So I am sitting down to write this a few days after David Gilmour’s final show in Chicago, following a weeklong stint that included one show at Roosevelt University’s Auditorium Theatre sandwiched by two larger-scale shows at the United Center. The U.S. tour, his first in 10 years, is a fairly exclusive affair encompassing only three cities (L.A., Chicago, and New York) before heading back to Europe. And at 70 years old, there’s no telling when or even if he’ll be back. Other than the early Floyd years, Gilmour has never been much of a road warrior. Since taking the helm of Pink Floyd in 1986 following the legal departure of founding member Roger Waters, he’s manned exactly two (albeit massive) world tours under the Floyd banner, the first from 1987-1990 and the second in 1994. He’s done very limited U.S. touring on his own, the last time in support of 2006’s On An Island – a show I was foolish enough to miss, despite being a full-on Floyd freak (if you know the band as Sigma 6, the Architectural Abdabs and the Meggadeaths, you are far beyond the realm of casual fan). So to say that I was grateful to get one more opportunity to see one of my favorite musicians of all time (and favorite guitarist bar none) is an understatement.
In a way, the delayed gratification worked in my favor. Gilmour is currently touring in support of 2015’s Rattle That Lock, a much stronger solo album than his last in my opinion, which makes the introduction of new material in a show heavy on classic rock standards much more palatable. Newer songs like the Leonard Cohen-influenced “Faces of Stone” and “In Any Tongue” held their own much better than the On An Island material last time around. The overall setlist was stronger than 2006 as well, with a brisker pacing of the solo and Floyd material. While no longer doing the epic “Echoes” (most likely due to the loss of close musical partner Richard Wright in 2008, whose sonic signature is all over that song), we got the reappearance of “Us and Them,” the stinging blues of “What Do You Want from Me,” the thundering “Sorrow,” and Wall classic “Run Like Hell”. He also brought back Mr. Screen, the Vari-Lite-rigged circular projection surface made famous on all of the classic Floyd tours of the ‘70s and ‘80s (but missing in 2006’s solo outing). The venues are bigger this time around as well, with more arenas than theaters playing host and this is music custom-made for large, panoramic spaces.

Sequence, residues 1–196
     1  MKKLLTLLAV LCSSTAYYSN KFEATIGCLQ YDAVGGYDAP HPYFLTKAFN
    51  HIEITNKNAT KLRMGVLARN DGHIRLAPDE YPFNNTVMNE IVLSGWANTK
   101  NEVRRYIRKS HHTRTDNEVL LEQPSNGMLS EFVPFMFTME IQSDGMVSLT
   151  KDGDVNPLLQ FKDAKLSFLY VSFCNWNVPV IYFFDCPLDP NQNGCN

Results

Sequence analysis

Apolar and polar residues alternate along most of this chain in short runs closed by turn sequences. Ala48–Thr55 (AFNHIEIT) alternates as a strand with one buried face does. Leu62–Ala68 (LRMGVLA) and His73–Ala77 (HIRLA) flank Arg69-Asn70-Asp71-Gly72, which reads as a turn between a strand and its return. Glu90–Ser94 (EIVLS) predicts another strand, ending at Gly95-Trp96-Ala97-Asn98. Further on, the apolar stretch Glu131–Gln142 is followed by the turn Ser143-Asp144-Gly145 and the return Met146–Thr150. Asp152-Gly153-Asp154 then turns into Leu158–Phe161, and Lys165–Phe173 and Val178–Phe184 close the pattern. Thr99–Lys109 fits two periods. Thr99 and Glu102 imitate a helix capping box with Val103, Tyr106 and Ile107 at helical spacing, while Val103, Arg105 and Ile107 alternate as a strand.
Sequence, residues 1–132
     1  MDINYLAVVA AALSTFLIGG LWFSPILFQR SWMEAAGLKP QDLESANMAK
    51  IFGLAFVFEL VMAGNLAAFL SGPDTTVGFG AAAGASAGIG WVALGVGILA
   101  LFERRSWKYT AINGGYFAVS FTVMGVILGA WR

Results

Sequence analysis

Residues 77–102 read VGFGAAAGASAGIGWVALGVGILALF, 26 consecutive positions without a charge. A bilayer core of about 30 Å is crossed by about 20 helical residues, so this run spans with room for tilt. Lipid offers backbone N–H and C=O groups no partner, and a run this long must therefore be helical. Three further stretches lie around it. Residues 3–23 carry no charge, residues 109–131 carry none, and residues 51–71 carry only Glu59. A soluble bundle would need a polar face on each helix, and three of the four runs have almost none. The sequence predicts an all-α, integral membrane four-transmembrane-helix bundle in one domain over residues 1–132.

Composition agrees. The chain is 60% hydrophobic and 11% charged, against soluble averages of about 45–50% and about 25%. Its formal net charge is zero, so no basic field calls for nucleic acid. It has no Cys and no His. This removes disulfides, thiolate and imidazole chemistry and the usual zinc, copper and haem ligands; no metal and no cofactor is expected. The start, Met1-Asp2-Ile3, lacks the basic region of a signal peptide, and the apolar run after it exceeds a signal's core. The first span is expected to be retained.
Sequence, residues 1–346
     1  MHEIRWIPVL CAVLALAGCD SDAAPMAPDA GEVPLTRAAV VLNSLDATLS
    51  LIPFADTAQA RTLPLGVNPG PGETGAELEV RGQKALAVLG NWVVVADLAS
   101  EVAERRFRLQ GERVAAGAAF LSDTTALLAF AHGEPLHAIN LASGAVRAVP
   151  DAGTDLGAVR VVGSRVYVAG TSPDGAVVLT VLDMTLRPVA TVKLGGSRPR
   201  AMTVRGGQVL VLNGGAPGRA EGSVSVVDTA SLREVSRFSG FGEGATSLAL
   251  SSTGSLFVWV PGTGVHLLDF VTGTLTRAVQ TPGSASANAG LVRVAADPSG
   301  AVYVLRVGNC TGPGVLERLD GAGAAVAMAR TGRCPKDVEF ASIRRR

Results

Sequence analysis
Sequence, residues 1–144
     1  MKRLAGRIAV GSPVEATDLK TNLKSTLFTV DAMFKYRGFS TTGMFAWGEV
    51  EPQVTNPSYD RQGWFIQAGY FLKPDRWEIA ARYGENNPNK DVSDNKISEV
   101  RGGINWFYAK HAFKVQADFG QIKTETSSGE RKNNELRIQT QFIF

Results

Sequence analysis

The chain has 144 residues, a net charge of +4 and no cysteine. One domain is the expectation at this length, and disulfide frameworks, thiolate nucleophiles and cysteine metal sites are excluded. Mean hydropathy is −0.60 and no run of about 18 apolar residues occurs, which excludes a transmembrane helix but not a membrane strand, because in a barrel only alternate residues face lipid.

The pre-show itself was the first sonic treat of the evening for Floyd obsessives, as familiar sound effects pulsed through the P.A. (a plane flying overhead, helicopter sounds, the backwards-guitar seagull wails from “Echoes” and spoken-word snippets from Dark Side of the Moon to name a few). This provided the first clue as to the first-rate sound engineering that would take place all evening, the best concert sound I’ve heard since, ironically enough, Roger Waters’s solo version of The Wall a few years back. Pink Floyd’s concert sound is just as legendary in the industry as their visual effects, and Friday’s show at United was all-enveloping. You felt the music deep in your bones; it was that loud, dynamic, and three-dimensional.